Last year, YVR launched a new Environmental Management Plan, which outlines its commitment to reducing greenhouse gas emissions by 33% by 2020. Richmond explains that this focuses on four areas: Reducing greenhouse gas emissions, reducing potable water consumption, reducing construction and food waste, and improving the overall environmental health of the YVR ecosystem.
In a significant recognition of its sustainability efforts, YVR was recently accredited at Level 2 Reduction of ACI’s Airport Carbon Accreditation. “We are quite excited about that because we just joined and skipped Level 1 and went straight to Level 2, so that was the main recognition for our efforts,” Richmond enthuses. “We are also quite pleased because, just a few months ago, we became the first airport in the world to be awarded ‘Salmon-Safe’ certification. We sit on a salmon river – Fraser River – and we make sure our river stays very hospitable for salmon.”
With ‘Salmon-Safe’ certification the airport has, in fact, achieved two of its environmental targets ahead of schedule – improving water quality and enhancing the habitat for Pacific salmon.
More passengers, more airlines, more destinations
On 11 November, Sichuan Airlines launched a twice-weekly service between Zhengzhou Xinzheng International Airport and YVR. It is the only direct service between Zhengzhou and North America, reinforcing YVR’s position as a leading connecting hub to the Asia-Pacific region.
“We have had an amazing year of growth – almost two million more passengers, two new airlines and many destinations,” says Richmond. “We will always be interested in Asia, especially China, and we will welcome Beijing Capital Airlines on 30 December, which will make it our sixth Chinese carrier. That is a greater number of mainland Chinese carriers than any airport in North or South America, or Europe. So we are quite focused on Asia and China. But we are also growing very strongly in Europe and into the US and South America as well. We are not focused on any one area, and I think in the next year you will see a couple more carriers, with which we are negotiating.”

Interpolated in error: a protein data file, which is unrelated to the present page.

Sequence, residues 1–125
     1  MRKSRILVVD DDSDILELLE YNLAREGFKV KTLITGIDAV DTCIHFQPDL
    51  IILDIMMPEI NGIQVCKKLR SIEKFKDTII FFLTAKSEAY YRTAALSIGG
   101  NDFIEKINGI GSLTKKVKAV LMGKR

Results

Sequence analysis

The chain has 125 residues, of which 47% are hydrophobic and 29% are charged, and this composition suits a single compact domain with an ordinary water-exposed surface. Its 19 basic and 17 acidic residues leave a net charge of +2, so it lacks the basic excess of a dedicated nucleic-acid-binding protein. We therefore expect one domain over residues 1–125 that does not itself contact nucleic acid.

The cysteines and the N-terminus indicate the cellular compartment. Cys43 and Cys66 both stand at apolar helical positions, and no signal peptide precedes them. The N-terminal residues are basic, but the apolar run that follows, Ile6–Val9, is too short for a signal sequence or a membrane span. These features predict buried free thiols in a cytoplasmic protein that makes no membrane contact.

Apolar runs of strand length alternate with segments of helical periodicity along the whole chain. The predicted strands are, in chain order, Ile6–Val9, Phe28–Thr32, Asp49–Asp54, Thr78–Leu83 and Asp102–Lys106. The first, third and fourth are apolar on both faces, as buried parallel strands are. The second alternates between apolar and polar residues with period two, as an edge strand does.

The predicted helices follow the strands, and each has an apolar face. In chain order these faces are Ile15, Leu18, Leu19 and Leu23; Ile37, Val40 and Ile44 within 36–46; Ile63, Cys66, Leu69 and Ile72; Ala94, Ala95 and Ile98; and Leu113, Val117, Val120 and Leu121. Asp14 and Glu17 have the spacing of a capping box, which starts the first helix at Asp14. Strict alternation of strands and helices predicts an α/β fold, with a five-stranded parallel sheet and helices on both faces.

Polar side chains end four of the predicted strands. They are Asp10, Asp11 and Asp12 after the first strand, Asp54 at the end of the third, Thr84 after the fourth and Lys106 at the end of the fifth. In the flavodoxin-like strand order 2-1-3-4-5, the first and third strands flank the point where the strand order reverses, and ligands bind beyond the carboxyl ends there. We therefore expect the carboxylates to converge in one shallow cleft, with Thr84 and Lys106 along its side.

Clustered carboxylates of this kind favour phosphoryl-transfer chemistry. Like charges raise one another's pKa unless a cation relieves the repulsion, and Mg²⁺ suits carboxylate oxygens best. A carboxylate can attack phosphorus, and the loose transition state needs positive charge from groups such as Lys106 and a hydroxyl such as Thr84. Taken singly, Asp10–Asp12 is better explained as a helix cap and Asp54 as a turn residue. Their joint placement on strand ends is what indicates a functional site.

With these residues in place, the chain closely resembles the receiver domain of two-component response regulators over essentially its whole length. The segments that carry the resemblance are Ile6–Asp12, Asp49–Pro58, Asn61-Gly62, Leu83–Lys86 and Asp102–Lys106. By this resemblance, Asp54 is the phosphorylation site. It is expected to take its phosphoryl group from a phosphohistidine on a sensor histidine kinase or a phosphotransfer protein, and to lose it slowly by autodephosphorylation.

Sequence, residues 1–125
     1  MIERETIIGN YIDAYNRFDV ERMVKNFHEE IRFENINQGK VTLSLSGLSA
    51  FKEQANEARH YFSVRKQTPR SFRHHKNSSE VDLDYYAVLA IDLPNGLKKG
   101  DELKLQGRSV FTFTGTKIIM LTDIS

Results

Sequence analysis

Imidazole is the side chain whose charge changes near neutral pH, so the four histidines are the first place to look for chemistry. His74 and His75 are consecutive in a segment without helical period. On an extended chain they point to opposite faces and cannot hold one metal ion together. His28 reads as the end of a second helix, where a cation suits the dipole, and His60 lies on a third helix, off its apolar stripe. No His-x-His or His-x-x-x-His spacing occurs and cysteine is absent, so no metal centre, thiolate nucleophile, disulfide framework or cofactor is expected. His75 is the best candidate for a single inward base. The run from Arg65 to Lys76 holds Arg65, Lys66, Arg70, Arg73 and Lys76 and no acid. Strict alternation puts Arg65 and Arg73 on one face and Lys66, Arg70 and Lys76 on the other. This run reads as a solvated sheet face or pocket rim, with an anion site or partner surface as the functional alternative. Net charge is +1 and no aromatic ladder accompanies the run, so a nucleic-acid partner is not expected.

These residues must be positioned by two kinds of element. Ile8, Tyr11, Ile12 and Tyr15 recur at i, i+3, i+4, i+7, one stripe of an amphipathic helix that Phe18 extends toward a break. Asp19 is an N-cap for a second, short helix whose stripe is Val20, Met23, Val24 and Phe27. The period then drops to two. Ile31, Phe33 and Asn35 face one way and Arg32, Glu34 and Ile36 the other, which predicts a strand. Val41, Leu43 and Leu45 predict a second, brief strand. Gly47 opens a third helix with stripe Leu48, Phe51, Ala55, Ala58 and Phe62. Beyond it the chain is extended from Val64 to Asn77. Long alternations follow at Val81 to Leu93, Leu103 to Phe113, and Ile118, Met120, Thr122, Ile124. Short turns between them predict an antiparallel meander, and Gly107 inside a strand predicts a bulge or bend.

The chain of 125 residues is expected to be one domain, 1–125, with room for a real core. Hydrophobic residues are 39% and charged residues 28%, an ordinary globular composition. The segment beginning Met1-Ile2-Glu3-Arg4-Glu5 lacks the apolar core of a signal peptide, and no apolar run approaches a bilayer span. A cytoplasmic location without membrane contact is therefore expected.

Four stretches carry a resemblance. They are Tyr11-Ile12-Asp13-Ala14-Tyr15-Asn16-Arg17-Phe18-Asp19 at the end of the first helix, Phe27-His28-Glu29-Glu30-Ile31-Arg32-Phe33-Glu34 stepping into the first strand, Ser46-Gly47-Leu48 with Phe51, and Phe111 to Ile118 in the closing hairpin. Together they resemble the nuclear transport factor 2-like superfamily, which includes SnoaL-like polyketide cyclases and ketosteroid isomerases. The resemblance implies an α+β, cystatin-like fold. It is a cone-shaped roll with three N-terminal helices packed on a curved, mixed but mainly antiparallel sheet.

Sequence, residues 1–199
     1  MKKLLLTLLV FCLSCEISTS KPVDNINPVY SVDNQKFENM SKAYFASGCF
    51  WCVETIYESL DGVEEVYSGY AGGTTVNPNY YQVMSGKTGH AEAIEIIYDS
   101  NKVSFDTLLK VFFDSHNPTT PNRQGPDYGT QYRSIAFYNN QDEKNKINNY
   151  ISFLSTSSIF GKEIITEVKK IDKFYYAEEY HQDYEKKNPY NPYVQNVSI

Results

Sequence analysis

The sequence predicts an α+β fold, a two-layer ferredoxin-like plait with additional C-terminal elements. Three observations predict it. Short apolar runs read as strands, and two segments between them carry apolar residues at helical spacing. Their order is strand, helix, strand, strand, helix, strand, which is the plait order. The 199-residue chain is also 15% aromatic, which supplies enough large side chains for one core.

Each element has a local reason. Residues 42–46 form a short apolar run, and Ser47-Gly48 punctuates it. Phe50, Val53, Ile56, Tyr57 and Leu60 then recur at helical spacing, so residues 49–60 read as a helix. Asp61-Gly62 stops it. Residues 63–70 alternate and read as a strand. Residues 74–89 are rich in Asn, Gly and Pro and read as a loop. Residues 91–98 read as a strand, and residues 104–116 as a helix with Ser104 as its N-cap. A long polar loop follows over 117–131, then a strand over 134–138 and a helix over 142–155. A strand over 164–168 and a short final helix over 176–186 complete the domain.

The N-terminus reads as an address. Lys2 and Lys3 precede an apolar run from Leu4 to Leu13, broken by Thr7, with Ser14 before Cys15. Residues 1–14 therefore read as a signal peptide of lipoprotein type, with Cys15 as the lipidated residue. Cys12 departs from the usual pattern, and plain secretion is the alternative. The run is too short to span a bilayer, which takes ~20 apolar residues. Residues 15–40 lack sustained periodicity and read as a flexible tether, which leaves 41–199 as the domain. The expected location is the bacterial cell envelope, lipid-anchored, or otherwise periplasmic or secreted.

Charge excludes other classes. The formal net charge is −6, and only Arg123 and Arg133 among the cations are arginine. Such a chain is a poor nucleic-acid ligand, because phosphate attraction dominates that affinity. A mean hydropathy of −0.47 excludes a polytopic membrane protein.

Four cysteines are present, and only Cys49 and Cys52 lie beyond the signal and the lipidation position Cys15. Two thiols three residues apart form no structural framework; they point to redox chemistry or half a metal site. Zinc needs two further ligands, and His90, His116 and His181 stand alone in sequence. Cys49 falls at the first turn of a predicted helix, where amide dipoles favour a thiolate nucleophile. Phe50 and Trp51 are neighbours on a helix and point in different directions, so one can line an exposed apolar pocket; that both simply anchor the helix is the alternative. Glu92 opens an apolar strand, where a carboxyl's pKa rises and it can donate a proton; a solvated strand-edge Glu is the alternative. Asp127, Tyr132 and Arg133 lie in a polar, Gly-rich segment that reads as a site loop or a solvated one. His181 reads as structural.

Looking ahead, maintaining excellent customer service while continuing to grow so rapidly is the airport’s main goal for the future. It is an area in which YVR has enjoyed notable success this year, having been voted Best Airport in North America in the 2016 Skytrax World Airport Awards for the seventh consecutive year, while it also recently received CAPA Centre for Aviation’s Airport of the Year Award 2016.
YVR expects at least another million passengers next year, with particular growth in the peak summer months, and is striving to focus on customer service and one-to-one interaction with travellers. “I think this is a fundamental issue which airports that are growing have to wrestle with, and we just have to keep trying and keep thinking of new ways to put people through the systems faster, and never lose that human touch,” Richmond concludes.